One of the most beneficial plumbing jobs you can get done in your home is to have your toilets converted to low flow versions. The design of the traditional, and most widely used, tank has hardly changed in decades. These tanks use gravity to release their contents into the toilet bowl. The weight and speed of the falling water carries the waste away through the bowl’s outlet pipe.
Older models use quite a large volume of water to create enough force to remove waste. Many of them use a whopping 7 gallons of water for every flush. That represents a total annual water consumption (based on 5 flushes per day) of almost 13,000 gallons per toilet.
Early versions of low flow toilets
As the cost of water supply to homes increased, householders wanted ways to cut down on water consumption. The biggest proportion of domestic consumption comes from flushing toilets, so any way to cut down on this consumption was welcome.
Various advisory bodies suggested reducing the capacity of tanks by placing objects inside. This required no plumbing knowledge, and was easy to implement. The biggest problem was that each flush was less effective, and people often had to flush twice, thus defeating the purpose.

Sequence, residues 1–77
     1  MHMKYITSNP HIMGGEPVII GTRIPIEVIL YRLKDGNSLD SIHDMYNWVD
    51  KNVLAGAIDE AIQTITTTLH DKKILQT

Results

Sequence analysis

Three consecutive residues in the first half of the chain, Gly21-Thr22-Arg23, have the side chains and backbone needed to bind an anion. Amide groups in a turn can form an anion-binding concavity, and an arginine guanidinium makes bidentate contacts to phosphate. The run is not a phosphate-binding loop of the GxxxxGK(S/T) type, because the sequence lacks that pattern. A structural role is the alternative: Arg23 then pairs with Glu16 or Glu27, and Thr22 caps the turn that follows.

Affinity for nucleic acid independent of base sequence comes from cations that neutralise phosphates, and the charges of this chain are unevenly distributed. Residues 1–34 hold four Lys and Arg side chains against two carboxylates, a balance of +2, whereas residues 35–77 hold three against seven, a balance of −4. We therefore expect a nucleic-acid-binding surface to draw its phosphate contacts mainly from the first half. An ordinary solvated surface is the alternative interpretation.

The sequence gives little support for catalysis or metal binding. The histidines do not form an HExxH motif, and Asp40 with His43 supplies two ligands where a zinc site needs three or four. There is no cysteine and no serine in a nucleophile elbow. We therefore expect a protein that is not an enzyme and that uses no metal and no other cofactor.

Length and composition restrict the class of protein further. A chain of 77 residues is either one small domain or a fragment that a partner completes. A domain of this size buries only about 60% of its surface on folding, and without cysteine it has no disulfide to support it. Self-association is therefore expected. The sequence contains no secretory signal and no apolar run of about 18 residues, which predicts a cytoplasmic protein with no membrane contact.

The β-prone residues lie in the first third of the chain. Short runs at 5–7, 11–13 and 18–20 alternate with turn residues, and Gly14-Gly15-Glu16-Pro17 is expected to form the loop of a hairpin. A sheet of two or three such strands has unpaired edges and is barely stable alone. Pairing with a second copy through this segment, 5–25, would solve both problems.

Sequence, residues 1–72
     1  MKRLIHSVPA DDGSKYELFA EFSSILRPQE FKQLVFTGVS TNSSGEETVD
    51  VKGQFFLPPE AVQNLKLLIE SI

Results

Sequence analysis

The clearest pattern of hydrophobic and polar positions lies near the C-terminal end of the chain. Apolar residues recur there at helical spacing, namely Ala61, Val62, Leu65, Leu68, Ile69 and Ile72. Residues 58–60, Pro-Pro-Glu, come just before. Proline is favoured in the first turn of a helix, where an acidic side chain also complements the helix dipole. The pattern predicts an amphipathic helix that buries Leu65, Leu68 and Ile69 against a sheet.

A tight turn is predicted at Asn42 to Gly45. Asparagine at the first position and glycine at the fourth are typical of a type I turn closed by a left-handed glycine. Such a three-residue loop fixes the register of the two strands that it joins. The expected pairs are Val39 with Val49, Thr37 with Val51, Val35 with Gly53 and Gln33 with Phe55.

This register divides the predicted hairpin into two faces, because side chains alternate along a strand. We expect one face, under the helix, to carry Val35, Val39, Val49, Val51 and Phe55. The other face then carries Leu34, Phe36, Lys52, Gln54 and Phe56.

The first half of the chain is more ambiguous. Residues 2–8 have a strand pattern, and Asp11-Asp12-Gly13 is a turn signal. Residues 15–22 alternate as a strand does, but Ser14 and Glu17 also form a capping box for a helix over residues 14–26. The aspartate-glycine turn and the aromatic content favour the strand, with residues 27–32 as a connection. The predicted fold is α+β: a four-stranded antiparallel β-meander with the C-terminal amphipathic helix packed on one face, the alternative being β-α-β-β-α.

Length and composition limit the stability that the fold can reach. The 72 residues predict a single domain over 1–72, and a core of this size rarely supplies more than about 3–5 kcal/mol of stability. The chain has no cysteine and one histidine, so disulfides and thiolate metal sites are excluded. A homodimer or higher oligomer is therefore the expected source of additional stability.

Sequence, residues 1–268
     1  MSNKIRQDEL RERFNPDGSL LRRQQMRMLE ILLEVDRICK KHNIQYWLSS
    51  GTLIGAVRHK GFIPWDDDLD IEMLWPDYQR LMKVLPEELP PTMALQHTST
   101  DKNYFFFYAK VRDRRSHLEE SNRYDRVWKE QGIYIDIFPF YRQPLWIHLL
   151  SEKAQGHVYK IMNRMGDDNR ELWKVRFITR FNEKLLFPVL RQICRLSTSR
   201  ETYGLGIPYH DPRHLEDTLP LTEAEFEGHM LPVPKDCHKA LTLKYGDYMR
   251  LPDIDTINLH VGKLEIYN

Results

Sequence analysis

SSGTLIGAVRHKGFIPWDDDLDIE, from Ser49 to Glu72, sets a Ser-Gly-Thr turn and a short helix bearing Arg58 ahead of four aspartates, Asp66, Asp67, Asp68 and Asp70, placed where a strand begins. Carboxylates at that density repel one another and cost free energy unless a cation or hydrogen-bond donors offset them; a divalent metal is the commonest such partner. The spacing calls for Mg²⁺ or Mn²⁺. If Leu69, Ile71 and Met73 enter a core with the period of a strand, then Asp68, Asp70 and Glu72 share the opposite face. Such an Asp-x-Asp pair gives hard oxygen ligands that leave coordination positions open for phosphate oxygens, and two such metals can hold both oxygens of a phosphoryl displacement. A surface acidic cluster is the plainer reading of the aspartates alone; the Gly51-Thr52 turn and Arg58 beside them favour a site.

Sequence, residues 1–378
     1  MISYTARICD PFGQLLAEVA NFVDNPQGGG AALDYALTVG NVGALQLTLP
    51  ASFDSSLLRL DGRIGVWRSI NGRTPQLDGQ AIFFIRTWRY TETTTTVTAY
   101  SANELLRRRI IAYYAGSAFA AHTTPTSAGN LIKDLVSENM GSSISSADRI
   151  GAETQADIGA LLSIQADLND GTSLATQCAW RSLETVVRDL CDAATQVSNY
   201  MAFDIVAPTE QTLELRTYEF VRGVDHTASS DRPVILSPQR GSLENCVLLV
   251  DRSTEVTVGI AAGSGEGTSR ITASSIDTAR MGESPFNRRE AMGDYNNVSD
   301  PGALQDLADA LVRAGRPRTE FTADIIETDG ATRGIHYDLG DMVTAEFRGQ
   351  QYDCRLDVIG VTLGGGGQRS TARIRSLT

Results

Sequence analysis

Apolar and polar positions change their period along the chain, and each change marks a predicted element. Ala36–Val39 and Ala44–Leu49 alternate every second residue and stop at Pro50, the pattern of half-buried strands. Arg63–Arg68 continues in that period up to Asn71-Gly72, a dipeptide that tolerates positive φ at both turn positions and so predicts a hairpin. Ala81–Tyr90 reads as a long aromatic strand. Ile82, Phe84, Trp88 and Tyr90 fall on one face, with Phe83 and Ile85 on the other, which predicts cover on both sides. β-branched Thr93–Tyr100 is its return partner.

Dual flush toilets have two push buttons on top of the tank. One releases a portion of the water from the tank, and is intended for use when a full flush is not required. The second button releases all the water. This system delivers savings through lower consumption, but there are more effective systems.
Modern low flow systems
These are a legal requirement in the USA for new toilet installations. You cannot convert an older toilet to a low flow type, so you will have to replace toilets and tanks to benefit. Because these modern toilets are so efficient at conserving water, many people can benefit from rebates towards purchase and plumbing costs if they install them.
You can find either gravity assisted low flow tanks, or pressure assisted low flow systems. Low flow design amplifies the flow rate in the former. The latter uses compressed air to force the water from the tank at a high rate. They can use one-third of the water per flush compared to older systems.
Plumbing and installation costs will normally be recouped within a few years due to reduced water bills. After that, there are significant savings annually. Installing low flow toilets lets you save money and benefits the environment.
For any questions about low flow toilets or any of your plumbing needs, contact Robinson Plumbing. Robinson Plumbing, a local, family owned company, offers a wide variety of services. Our priorities are quality service with exceptional customer care at an affordable cost.